Air Force kicker/guitarist Jake Koehnke hasn’t missed a beat all season — or so much as a field goal.
He is jammin’ these days, a senior from Carlsbad, California, who has hit all the right notes between his rock-steady performance for the Falcons and his side project of rocking out with a band set to locally tour after the season. And while his guitar-strumming fingers are no longer relegated to playing second fiddle, his powerful right foot still takes center stage.
Koehnke is 10 for 10 this season and was recently named a semifinalist for the Lou Groza Award, which recognizes the nation’s top kickers. The list also includes names such as Georgia senior Rodrigo Blankenship, who’s in contention for a spot on The Associated Press All-America team presented by Regions Bank.
“It’s been super-exciting for me because I just love being able to make an impact,” said Koehnke, who’s 45 of 49 on extra points for an Air Force team that’s 9-2 heading into the regular season finale this weekend against Wyoming. “Every game, I look forward to hoping to be able to contribute and put some points on the board.”
The nerves when he kicks are nearly nonexistent. For that, he credits holder/punter Charlie Scott, who always has a quip to lighten the mood before a big boot. There’s also the advice of Scott’s older brother, JK, a punter with the Green Bay Packers.
“I heard an interview with JK once where he’s like, ‘We’re just kicking a football,’” said Koehnke, who handled the kicking duties, including field goals, extra points, kickoffs and punting at the end of last season. “So, when I go out there, my mind goes blank. I just try to do what he said — kick the football.”
The nerves when he takes a stage? Now that will be a different tune. Leading up to the first practice with his modern/alternative rock band, “ Between the Heart,” he grew more and more anxious than for any kick of his career.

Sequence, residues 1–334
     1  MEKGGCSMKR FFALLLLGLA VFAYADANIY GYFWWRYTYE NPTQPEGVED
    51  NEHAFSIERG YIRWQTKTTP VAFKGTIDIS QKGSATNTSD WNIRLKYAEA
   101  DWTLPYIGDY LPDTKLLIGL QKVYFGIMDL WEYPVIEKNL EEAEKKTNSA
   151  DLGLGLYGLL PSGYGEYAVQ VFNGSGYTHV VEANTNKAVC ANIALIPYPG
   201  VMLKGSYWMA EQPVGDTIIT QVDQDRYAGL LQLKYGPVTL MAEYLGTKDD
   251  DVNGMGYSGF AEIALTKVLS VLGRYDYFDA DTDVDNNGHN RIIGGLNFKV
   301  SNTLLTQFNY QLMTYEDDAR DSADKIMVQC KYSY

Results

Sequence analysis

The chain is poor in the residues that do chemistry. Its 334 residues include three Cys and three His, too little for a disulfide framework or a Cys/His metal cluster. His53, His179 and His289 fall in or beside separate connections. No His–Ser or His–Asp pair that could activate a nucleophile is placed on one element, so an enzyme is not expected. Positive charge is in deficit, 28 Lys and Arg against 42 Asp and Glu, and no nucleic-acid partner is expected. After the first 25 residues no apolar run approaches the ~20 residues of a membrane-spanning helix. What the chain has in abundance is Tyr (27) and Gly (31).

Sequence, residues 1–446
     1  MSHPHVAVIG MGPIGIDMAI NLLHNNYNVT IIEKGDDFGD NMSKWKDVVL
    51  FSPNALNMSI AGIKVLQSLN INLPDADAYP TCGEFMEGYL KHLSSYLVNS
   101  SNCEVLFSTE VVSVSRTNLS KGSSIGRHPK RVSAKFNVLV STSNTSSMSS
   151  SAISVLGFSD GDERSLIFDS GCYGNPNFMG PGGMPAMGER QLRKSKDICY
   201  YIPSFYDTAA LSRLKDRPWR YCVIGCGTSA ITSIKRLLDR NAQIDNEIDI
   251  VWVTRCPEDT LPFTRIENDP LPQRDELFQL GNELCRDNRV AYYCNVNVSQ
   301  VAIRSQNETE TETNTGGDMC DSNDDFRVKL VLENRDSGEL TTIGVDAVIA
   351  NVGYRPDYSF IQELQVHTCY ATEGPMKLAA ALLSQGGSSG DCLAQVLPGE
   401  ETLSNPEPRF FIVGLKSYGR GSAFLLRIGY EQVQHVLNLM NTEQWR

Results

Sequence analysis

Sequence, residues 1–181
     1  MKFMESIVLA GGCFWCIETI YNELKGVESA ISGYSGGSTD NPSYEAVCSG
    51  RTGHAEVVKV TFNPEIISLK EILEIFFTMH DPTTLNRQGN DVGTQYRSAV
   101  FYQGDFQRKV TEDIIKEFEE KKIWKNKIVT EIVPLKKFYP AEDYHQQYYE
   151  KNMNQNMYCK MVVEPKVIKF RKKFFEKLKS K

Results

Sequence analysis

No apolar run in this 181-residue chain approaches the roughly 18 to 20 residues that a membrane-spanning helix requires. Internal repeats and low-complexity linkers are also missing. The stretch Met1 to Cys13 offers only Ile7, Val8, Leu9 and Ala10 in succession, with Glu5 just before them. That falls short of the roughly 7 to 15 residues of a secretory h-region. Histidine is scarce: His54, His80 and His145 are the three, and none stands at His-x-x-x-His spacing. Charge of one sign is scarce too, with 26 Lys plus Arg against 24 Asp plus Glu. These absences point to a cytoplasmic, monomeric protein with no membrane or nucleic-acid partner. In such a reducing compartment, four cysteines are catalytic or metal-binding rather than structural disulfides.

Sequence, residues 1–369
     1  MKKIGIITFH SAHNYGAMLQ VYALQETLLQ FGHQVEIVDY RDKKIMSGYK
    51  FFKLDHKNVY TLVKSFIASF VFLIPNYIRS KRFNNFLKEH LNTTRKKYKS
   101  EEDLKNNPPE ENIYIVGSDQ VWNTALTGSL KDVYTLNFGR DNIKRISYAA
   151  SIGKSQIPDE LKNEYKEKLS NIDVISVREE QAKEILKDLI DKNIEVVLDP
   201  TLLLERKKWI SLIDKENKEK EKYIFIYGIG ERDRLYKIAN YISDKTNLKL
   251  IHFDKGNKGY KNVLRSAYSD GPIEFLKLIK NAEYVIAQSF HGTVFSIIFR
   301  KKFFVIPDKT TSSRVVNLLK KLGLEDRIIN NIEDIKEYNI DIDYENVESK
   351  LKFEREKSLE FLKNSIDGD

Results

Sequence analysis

“It’s funny to think about, because I’ve been kicking for so long and I’m used to all eyes on me,” said Koehnke, who hit a 57-yarder against Utah State on Oct. 26. “But being part of a band is something so new and sure, it should be the same as kicking. But the thought of playing at a gig, it makes me a little more uneasy than kicking a field goal.”
How this came to be: Koehnke attended a karaoke night in nearby Colorado Springs. Some of the band members were on stage performing Fall Out Boy’s “Sugar, We’re Goin Down,” which happened to be one of Koehnke’s favorite songs as a kid.
After the performance, Koehnke approached them and said he was a guitarist, too — should they ever need one. A few months later, Koehnke posted some clips on social media and the group reached out to him.
Turns out, their guitarist was enlisting in the Air Force.
“Ironic, right?” said Koehnke, whose band intends to play gigs in Colorado Springs and Denver. “I tried out and they said I was good enough to be part of the group.”
As for his upcoming plans — after a bowl game, obviously — Koehnke hopes to become an Air Force pilot. Or maybe an NFL kicker, especially with Defense Secretary Mark Esper issuing new guidelines that paves the way for athletes attending the nation’s military academies to seek waivers to play professional sports upon their graduation.
Down the road, possibly even a music career.
“For right now, I’m just trying to focus on going 1 for 1 with every kick,” Koehnke said.
Trevor Lawrence, QB, Clemson
Remember that sophomore slump? It’s over. Lawrence has not thrown an interception in his last four games to go with 13 touchdown passes. He has completed 77.5% of his passes and averaged 11.7 yards per attempt. Yes, the competition has been far from elite, but Lawrence is rolling heading toward the postseason.
Jake Fromm, QB, Georgia
Fromm was never going to put up the gaudy passing stats that some other elite quarterbacks do, but this year even his efficiency is way down from 171.22 last year to 144.05. He has been under 50% completions his last three games, none of which cracked 200 yards passing.
ON THE LINE
(SEC Network analyst Cole Cubelic, a former Auburn guard, breaks down an offensive lineman playing at an All-America level).
Damien Lewis, OG, LSU
The 330-pound, second-year starter has been pivotal in LSU’s ability to combine some power running with its potent passing game.
“Lewis was dominant in a record-setting win over Arkansas,” Cubelic said. “Very physical in pass protection and excellent working combo blocks in the run game.”
Kenneth Murray, LB, Oklahoma vs. Chuba Hubbard, RB, Oklahoma State
The Sooners defense has improved this year and Murray is leading the way with 79 tackles, including 12 for loss. Hubbard is leading the nation in rushing at 166.55 yards per game. The Cowboys might have to lean on him even harder in the Bedlam showdown with their starting quarterback and star receiver both sidelined. Expect Murray and Hubbard to see a lot of each other.
AP College Football Writer Ralph Russo contributed to this report.
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